Why (and How) the Growth of Social Media Has Created Opportunities for Qualitative Research in Organizational Development
In-person methods for qualitative research are no longer the sole means by which investigators can collect their data. Interviews with study participants do not have to be done face to face; instead, Web-based computer-mediated environments can serve as the site where interactions between moderators and participants can ensue, questions can be posed, and answers can be obtained.
The opportunity to migrate qualitative research away from traditional methods and toward the use of online platforms is provided by the confluence of Internet and digital technology, broadband connectivity, and people’s apparently sufficient comfort level with blogging. These factors have resulted in paving the way for a viable, alternative methodology that provides qualitative research professionals with access to human experiences on a scale and with a reach that is currently immeasurable.
The purpose of this article is to draw attention to and elaborate on these emergent societal and technological factors that have given rise to the use of online methodology for qualitative research. Effects of these factors are examined in terms of quality, cost, and speed criteria in a discussion of the comparison of qualitative studies that use online and in-person data collection methods.
The Growth of Social Media
Social media may be defined as the Internet-based technologies that individuals use to exchange thoughts, feelings, attitudes, opinions, insights, experiences, and perspectives in many different forms including text, images, audio, and video. Social media sites typically use technologies such as blogs, message boards, podcasts, wikis, and vlogs to allow users to interact. Social networks, blogsites, and other online “beehives” appear to be all around us as millions of people adopt social media sites as their primary source of all kinds of information. What’s more is that social media adoption continues to increase tremendously. “Blogging” as a behavior, currently under the scrutiny of many different types of social scientists, has become widespread and continues to grow.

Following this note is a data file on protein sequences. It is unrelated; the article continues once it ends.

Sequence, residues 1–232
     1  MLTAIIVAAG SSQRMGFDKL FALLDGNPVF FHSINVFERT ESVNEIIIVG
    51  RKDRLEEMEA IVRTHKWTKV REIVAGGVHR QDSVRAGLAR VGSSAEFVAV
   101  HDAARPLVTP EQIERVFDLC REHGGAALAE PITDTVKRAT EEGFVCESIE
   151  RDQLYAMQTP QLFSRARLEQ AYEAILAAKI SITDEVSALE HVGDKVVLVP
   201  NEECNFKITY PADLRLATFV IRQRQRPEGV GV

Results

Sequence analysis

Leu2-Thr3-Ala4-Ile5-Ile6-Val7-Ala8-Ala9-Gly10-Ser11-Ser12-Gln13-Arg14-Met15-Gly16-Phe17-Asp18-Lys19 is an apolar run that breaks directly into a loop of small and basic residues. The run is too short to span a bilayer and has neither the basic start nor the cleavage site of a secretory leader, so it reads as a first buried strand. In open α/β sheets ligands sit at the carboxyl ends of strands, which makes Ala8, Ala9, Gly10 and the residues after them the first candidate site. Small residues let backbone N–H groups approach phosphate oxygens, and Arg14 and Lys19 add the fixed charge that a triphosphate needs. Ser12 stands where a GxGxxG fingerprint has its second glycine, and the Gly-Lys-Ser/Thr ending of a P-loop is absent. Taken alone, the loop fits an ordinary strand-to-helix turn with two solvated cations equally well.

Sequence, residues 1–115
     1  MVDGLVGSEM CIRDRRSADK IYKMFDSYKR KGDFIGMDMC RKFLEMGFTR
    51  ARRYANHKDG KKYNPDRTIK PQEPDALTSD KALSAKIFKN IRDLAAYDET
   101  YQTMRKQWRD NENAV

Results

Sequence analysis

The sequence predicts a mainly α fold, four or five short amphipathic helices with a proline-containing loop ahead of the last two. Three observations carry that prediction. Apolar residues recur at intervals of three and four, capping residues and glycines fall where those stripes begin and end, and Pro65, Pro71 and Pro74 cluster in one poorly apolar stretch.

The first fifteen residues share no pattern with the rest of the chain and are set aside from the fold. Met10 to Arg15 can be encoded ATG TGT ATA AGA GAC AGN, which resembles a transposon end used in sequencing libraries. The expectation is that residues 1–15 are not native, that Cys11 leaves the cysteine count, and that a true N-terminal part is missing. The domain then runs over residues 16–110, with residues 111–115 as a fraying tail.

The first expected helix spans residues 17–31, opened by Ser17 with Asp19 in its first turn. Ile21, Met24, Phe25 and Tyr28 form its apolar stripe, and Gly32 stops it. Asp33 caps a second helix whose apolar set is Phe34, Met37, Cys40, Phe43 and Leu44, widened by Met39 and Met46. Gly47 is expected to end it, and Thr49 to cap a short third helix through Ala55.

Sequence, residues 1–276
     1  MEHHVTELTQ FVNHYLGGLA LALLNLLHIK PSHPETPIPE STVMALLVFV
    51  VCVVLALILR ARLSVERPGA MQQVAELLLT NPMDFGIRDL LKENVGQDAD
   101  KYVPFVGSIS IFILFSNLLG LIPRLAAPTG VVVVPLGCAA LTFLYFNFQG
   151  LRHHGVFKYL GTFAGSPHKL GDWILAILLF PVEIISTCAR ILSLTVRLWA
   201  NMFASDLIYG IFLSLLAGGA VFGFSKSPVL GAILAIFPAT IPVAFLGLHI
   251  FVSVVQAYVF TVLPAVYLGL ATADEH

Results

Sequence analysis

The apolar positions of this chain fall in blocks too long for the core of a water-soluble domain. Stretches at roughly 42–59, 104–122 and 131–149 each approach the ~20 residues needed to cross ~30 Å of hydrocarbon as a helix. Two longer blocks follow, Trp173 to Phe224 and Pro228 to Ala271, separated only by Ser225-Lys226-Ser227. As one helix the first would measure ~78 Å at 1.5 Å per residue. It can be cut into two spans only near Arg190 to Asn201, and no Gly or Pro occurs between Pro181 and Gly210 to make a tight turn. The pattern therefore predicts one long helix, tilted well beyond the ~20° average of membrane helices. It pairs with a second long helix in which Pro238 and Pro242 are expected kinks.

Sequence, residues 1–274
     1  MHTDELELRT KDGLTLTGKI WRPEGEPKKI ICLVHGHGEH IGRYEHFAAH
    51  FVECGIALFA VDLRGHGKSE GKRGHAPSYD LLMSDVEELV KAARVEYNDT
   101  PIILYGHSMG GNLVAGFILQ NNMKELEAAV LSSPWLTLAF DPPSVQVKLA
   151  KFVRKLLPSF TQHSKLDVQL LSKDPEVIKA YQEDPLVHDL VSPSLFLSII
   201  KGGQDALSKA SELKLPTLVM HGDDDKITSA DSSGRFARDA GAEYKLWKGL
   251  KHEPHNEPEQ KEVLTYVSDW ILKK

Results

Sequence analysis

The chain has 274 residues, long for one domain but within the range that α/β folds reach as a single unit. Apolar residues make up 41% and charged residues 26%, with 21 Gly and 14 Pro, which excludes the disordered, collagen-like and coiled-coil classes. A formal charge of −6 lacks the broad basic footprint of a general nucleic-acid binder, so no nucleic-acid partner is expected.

In the beginning of 2009, Mark Zuckerberg, founder of Facebook, equated Facebook to a nation saying it would be the 8th largest country in the world. As of 2010, it would stand as the third largest country in the world, right behind China and India and ahead of the United States with 700 million users. It was not long ago that social media made big news when it overtook e-mail in terms of online activity. Now, it is the #1 activity online and it continues to grow at a rapid pace both in the United States and around the world.
The Opportunity for Online Methodology in Qualitative Research
The explosive growth of social media usage and blogging behavior suggests that society has become comfortable engaging in these activities. Indeed, a 2010 study by Nielsen showed that Americans spend 25% of their time on social media and blog sites. Our own experiences in conducting online qualitative research in marketing and in human resources management shows us that people are adept at communicating their thoughts, feelings, intentions, and actions, as well as their deepest fears and greatest aspirations, in a “computer-mediated environment.” But what exactly is involved in blogging? What do people do on Facebook that is related, somehow, to research?
In essence, blogging includes obtaining online information (text, video, audio) as well as inputting one’s own information in any of those formats in that medium. Put simply, sometimes it involves viewing videos and images, listening to recordings, and reading text, and others it includes inputting any of those formats of data oneself to some Internet-based location to be shared with others.
Now compare these blogging activities to those involved in qualitative research in which a moderator poses questions to study participants and receives answers to those questions from them. A discussion ensues between the moderator and participant fueled by a series of questions and responses between parties. Sometimes the moderator shows participants some “things” and has them provide their attitudes and opinions. Other times the moderator might require the participants to provide “things” to be seen, heard, and/or discussed. Thus, there is parity between the typical activities involved in blogging and in qualitative research, and nowadays, the personal computer and Internet can facilitate the activities involved in qualitative research.
Imagine a shift from the traditional, face-to-face (F2F) methodology, which has dominated qualitative research for decades, to the Internet. This shift should be a safe one given people’s general comfort level communicating within this medium. But, would some part of the human condition be lost in the process?
Taking a balanced perspective, we see that, on the one hand, the social space of computer-mediated communications was once considered lean, cold, and superficial. Relative to in-person communications, online communicators were presumed to suffer from a reduction in social cues and unable to transmit nonverbal information such as voice inflection, accents, facial expressions, posture, body language, and touching. On the other hand, society has adapted and developed ways to express these nonverbal cues in written form. To do so, society uses new symbols and electronic paralanguage such as emoticons, special character strings, intentional misspellings, absence or presence of corrections, capitalizations, as well as with images and sounds.